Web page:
Address: 12 quai Panhard-Levassor | PARIS | France | Visit Website
Latitude/Longitude: 48.8336, 2.37583
One of the Grands Projets (Mitterrand’s 15 billion franc program to provide a series of modern monuments to symbolize France’s central role in art, politics, and world economy at the end of the twentieth century) which is also the largest. But, for its size, it is also remarkable for the attention paid to its smaller, human-scaled details. The architect has taken a reductively simple overall plan—four 25-story L-shaped towers of books (symbolizing open books) arranged at the corners of a giant platform around a sunken garden—and used repetition necessary in even a much smaller building to great effect. The result is a deceptively ordinary building that is actually quite exceptional.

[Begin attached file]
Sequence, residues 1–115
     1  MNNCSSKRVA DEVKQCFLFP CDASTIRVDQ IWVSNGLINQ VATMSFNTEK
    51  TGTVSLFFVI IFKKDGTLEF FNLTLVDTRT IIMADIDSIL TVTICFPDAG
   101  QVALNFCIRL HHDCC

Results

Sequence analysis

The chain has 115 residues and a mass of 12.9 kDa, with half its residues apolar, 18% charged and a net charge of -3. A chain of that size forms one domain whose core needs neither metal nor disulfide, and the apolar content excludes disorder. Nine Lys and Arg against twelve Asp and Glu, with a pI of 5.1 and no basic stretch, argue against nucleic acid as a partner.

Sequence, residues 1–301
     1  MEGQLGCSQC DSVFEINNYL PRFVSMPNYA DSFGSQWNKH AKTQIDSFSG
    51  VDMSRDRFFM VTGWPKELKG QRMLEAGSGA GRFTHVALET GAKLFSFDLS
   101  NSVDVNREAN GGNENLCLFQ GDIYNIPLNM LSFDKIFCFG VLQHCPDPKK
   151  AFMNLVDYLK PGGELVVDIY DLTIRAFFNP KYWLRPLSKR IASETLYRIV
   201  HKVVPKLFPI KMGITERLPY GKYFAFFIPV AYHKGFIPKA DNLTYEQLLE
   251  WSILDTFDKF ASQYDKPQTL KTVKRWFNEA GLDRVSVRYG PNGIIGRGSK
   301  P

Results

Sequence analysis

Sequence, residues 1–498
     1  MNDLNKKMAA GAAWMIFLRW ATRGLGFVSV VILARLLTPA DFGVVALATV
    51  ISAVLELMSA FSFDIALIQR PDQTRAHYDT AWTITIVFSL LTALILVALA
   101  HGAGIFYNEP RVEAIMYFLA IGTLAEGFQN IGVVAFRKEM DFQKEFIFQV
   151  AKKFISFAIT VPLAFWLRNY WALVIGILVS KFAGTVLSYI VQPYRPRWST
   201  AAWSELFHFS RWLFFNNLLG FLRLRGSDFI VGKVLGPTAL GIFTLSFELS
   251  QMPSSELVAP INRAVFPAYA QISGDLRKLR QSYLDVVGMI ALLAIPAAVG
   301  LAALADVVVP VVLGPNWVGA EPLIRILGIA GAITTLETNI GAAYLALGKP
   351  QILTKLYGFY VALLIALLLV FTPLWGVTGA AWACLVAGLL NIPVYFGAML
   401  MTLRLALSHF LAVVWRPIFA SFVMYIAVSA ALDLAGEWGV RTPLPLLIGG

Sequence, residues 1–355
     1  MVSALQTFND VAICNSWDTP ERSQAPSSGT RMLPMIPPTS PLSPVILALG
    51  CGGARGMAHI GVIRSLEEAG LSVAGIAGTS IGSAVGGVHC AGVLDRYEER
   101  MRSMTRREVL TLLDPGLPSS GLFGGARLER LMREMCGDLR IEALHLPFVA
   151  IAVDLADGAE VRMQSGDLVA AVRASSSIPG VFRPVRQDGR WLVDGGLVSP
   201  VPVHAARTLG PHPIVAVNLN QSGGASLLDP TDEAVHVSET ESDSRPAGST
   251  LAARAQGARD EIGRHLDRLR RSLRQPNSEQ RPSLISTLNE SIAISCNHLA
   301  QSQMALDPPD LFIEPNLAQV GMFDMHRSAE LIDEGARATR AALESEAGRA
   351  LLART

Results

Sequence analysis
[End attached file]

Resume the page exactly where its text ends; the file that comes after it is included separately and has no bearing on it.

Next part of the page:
Walking toward the building along the Seine, one is first presented with an overscaled stair, similar to the one at the base of the Grande Arche. The first step on this stair, leading to the top of a giant plinth on which the four towers sit, reveals the first of many pleasant surprises: its material, which looks so solid and cold from a distance, is wood. Indeed, a building whose primary materials are glass and steel manages to be remembered for its rich wood and luxurious red carpet.
Outside, the wood decking of the platform and the wooden screens protecting the books inside the four-book towers provide texture and scale on what would otherwise be a forbidding building-scape (even if the need for screens has brought into question the original idea of storing books in transparent glass towers). Inside, a simple palate of the red carpet, wood, and steel are combined in enough ways to lend a sense of cohesion and individuality to a large number of reading rooms arranged around the central sunken garden.
⇒ Architecture Guide to PARIS
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